• The database <db> for the default tenant (typically, orion)
  • The database <db>-<tenant> for service/tenant <tenant> (e.g. if the tenant is named tenantA and default -db is used, then the database would be orion-tenantA.

Per-service/tenant databases are created "on the fly" as the first request involving tenant data is processed by Orion.

Finally, in the case of per-service/tenant databases, all collections and administrative procedures (backup, restore, etc.) are associated to each particular service/tenant database.


Delete complete database

This operation is done using the MongoDB shell:

mongo <host>/<db>
> db.dropDatabase()


Setting indexes

Check database indexes section in the performance tuning documentation.


Database management scripts

Orion Context Broker comes with a few scripts that can be used for browsing and administrative activities in the database, installed in the /usr/share/contextBroker directory.

In order to use these scripts, you need to install the pymongo driver (version 2.5 or above), typically using (run it as root or using the sudo command):

pip-python install pymongo


Deleting expired documents

NGSI specifies an expiration time for registrations and subcriptions (both context and context availability subscriptions). Orion Context Broker doesn't delete the expired documents (they are just ignored) as expired registrations/subscription can be "re-activated" using a subscription update request, modifying their duration.

However, expired registrations/subscriptions consume space in the database, so they can be "purged" from time to time. In order to help you in that task, the script is provided along with the Orion Context Broker.

The looks for expired documents in registrations and csubs collection, "marking" them with the following field:

  "expired": 1,

The program takes as arguments the collection to be analyzed. E.g. to analyze csubs, run: csubs

After running you can easily remove the expired documents using the following commands in the mongo console:

mongo <host>/<db>
> db.registrations.remove({expired: 1})
> db.csubs.remove({expired: 1})


Latest updated document

You can take an snapshot of the latest updated entities and attributes in the database using the script. It takes up to four arguments:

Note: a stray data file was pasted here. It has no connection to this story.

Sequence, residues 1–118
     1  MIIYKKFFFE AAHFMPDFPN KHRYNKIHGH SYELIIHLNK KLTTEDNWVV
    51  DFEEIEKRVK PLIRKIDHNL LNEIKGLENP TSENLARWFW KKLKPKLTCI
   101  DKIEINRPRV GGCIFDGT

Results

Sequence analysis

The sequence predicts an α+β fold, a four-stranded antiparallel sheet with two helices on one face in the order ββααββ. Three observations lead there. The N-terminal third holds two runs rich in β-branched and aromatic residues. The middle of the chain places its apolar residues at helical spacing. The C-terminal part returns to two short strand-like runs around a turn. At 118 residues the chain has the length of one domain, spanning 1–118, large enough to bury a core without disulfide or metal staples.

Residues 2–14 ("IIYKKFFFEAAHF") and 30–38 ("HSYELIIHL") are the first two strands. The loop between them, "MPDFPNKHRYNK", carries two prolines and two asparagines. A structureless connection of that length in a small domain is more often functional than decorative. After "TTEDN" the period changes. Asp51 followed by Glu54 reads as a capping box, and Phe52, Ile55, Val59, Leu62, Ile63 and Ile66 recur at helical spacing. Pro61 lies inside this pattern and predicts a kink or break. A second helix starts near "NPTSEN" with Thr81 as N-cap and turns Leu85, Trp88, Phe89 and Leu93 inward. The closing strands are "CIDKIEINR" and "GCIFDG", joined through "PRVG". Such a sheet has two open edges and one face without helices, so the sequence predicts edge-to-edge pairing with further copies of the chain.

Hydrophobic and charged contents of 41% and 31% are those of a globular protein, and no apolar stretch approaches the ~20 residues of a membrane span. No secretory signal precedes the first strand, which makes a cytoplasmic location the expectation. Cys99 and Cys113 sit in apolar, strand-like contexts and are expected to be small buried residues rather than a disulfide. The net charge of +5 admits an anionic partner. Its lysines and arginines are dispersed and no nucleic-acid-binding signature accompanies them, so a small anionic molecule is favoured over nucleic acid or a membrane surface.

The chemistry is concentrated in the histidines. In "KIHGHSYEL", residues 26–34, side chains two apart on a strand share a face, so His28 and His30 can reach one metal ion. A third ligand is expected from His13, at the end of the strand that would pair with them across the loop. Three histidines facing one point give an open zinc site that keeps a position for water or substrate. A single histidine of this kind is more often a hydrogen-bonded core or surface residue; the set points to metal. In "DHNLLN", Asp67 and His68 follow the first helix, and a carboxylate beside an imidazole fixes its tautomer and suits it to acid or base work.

• Either "entities" or "attributes", to set the granularity level in the updates.
  • The database to use (same as the -db parameter and BROKER_DATABASE_NAME used by the broker). Note that the mongod instance has to run in the same machine where the script runs.
  • The maximum number of lines to print
  • (Optional) A filter for entity IDs, interpreted as a regular expression in the database query.


# entities orion 4
-- 2013-10-30 18:19:47: Room1 (Room)
-- 2013-10-30 18:16:27: Room2 (Room)
-- 2013-10-30 18:14:44: Room3 (Room)
-- 2013-10-30 16:11:26: Room4 (Room)


Orion Errors due to Database

If you are retreiving entities using a large offset value and get this error:

GET /v2/entities?offset=54882

    "description": "Sort operation used more than the maximum RAM. You should create an index. Check the Database Administration section in Orion documentation.",
    "error": "InternalServerError"

then the DB has raised an error related to sorting operation failure due to lack of resources. You can check that the Orion log file contains an ERROR trace similar to this one:

Raising alarm DatabaseError: next(): { $err: "Executor error: OperationFailed Sort operation used more than the maximum 33554432 bytes of RAM. Add an index, or specify a smaller limit.", code: 17144 }

The typical solution to this is to create an index in the field used for sorting. In particular, if you are using the default entities ordering (based on creation date) you can create the index with the following command at mongo shell:

db.entities.createIndex({creDate: 1})